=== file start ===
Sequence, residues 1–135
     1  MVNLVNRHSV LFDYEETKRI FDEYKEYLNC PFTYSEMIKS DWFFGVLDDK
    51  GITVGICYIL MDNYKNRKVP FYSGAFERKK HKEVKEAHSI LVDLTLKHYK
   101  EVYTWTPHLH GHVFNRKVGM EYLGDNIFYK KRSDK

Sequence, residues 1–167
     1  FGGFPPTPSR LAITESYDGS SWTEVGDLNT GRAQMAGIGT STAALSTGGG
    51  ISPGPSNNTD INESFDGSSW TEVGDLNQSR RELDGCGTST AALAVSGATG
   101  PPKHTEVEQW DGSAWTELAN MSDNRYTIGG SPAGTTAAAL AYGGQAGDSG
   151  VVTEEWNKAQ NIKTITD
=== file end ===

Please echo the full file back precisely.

Sequence, residues 1–135
     1  MVNLVNRHSV LFDYEETKRI FDEYKEYLNC PFTYSEMIKS DWFFGVLDDK
    51  GITVGICYIL MDNYKNRKVP FYSGAFERKK HKEVKEAHSI LVDLTLKHYK
   101  EVYTWTPHLH GHVFNRKVGM EYLGDNIFYK KRSDK

Sequence, residues 1–167
     1  FGGFPPTPSR LAITESYDGS SWTEVGDLNT GRAQMAGIGT STAALSTGGG
    51  ISPGPSNNTD INESFDGSSW TEVGDLNQSR RELDGCGTST AALAVSGATG
   101  PPKHTEVEQW DGSAWTELAN MSDNRYTIGG SPAGTTAAAL AYGGQAGDSG
   151  VVTEEWNKAQ NIKTITD